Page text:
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ARS Home » Midwest Area » Peoria, Illinois » National Center for Agricultural Utilization Research » Bioenergy Research » Research » Research Project #427438

Research Project: Biochemical Technologies to Enable the Commercial Production of Biofuels from Lignocellulosic Biomass

Location: Bioenergy Research

2015 Annual Report

Objective 1. Develop technologies that enable the commercial production of marketable lipid-based advanced biofuels from lignocellulosic biomass hydrolyzates. Objective 2. In collaboration with industrial biorefiners, develop technologies that enable widespread commercial production of cellulosic ethanol from lignocellulosic biomass.

Goal 1. Develop oleaginous yeast and associated processes for converting hydrolyzates of lignocellulosic biomass to lipids for biodiesel and valuable co-products for other uses. Goal 2. Apply novel patented stress-tolerant yeast strains under commercial conditions to convert hydrolyzates of lignocellulosic biomass to ethanol.

Progress Report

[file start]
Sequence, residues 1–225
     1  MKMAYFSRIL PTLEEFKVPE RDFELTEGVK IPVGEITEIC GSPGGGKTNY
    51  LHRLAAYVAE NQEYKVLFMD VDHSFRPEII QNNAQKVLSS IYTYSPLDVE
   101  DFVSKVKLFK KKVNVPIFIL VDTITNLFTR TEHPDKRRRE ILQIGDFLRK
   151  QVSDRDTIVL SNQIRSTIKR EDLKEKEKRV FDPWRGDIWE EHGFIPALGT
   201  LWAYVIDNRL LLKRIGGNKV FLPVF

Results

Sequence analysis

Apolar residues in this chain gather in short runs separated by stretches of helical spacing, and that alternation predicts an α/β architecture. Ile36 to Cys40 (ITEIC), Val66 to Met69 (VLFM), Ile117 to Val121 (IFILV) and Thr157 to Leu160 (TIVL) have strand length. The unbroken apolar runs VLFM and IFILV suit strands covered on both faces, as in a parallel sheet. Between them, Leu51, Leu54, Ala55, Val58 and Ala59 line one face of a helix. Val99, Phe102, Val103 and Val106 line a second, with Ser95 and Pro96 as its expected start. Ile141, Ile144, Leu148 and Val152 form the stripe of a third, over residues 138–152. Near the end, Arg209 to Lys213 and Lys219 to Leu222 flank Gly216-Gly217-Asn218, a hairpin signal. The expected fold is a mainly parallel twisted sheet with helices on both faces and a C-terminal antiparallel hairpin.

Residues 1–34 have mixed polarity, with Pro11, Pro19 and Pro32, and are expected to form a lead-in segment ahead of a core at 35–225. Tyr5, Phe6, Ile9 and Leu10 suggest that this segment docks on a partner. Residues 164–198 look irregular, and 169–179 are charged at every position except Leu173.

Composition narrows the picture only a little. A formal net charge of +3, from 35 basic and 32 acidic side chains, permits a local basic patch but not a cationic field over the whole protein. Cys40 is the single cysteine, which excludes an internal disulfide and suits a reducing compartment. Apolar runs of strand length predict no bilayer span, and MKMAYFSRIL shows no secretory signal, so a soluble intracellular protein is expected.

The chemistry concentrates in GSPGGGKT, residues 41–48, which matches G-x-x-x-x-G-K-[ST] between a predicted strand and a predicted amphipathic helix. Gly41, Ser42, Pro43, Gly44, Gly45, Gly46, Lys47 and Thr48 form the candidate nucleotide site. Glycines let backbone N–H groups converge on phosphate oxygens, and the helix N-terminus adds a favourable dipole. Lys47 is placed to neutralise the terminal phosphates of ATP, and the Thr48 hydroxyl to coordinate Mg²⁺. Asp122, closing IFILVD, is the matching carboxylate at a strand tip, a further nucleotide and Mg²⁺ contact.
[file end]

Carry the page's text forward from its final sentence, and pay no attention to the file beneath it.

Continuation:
The ARS culture collection, which is among the largest depositories of yeasts in the world, was efficiently mined for oleaginous yeast functioning in hydrolyzates of lignocellulose by conducting the first systematic phylogeny guided screen. This strategy streamlined the exploration of the more than 200 potential oleaginous strains available by allowing research efforts to hone in on relatives of the best lipid-accumulating strains identified by our screening, Lipomyces and the related genus Myxozyma, were particular foci of the study because they are known hyper lipid producers but a few other key genera previously noted in the literature were also checked. The conversion of the hexose and pentose sugars typical of plant biomass was first studied in a synthetic medium at acidic pH. Some of the Lipomyces strains were found to have exceptional intracellular lipid contents compared to previously described oleaginous yeasts and were able to consume glucose and xylose sugar mixtures in an efficient manner. A more selective and higher throughput screening of lipid production by isolates passing the primary synthetic medium screen was accomplished on inhibitory hydrolyzates in aerobic 96-well deep-well plates. After evaluation in corn stover and switchgrass hydrolyzates, a few top candidates for development were selected on the basis of mixed sugar lipid yields, lipid accumulation and productivity, reduced sensitivity to diauxy, lipid fatty acid composition and carotenoid production. Hydrolyzates were prepared at 18-20% solids loading by established ammonia fiber explosion (AFEX) pretreatment and saccharification technologies developed by collaborators in Michigan, as well as by novel ammonia and dilute-acid pretreatment and saccharification technologies developed at the ARS in Peoria, Illinois. The phylogeny of best strains in hydrolyzates was further applied to identify additional close relatives able to perform in hydrolyzates. Using this approach, the screening number was cut by at least 80%. Additionally, our screen may be efficiently extended to check close relatives of high ranking strains that are held in other collections. Applying an advanced two-stage process to manage sugar and nitrogen supplies, top strains were able to use acetic acid and nearly all of the diverse sugars available to rapidly accumulate 50-65% of cell biomass as lipid, which corresponded to economically harvestable concentrations of lipid up to 30 g/L even under acidic pH conditions preferred by industry. The successful identification and process development for top-performing lipid-producing yeast demonstrates lipid productivity and yields in undetoxified hydrolyzates exceeding all other literature reports to date. Additionally, carotenoid production was observed in our process, and further studies are planned as a follow up since carotenoids, as higher value co-products, are expected to greatly enhance the economic feasibility of lipid production for conversion to biodiesel fuel. A rapid lipid measurement method was key to the efficiency of our screen. The sulfo-phospho-vanillin assay and time-domain nuclear magnetic resonance spectroscopy methods were adapted for rapid lipid measurement. A novel technique to allow for monitoring real time lipid production using Nile Red fluorescence was also tested for the purpose of in situ measurement. Research in our laboratory has suggested that appropriate nitrogen (N) delivery to ethanologenic yeast strains may increase yield and productivity in hydrolyzates by at least four fold. Improvement of processes for nitrogen (N) supply at low cost was targeted as a means to facilitate economical bioconversion of lignocellulose to biofuels. In order to deliver amino N more economically to fortify yeast fermentations, various protein sources were screened to determine which had the amino acid profiles needed to support the fermentation of post frost switchgrass hydrolyzates which are low in available amino nitrogen. Low cost agricultural materials (at < $0.25/lb) containing high protein contents (45-60%) such as soyflours, cottonseed flour, and corn steep powder were examined along with processes to support primary amino acid release. Amino acid release kinetics and yield were examined based on standard methods, including enzymatic primary amino nitrogen content (PAN) and high performance liquid chromatographic (HPLC) analysis of the essential amino acids. The yeasts used in this testing were the inhibitor-tolerant S. cerevisiae and best xylose-utilizing strain derived from it, but also the best hydrolyzate tolerant S. stipitis. N source utilization was monitored, including overall PAN, urea, and ammonia. Individual amino acid uptake studies are additionally being pursued. Technical assessment of lower-cost cellulosic ethanol production using ß-glucosidase producing yeast Clavispora NRRL Y-50464 was completed. In this study, ARS scientists also defined parameters for evaluation of strain performance. This comprehensive research provided critical assessment on fundamental technical issues involved in cellulosic ethanol production by simultaneous saccharification and fermentation using an ARS patented strain as an example.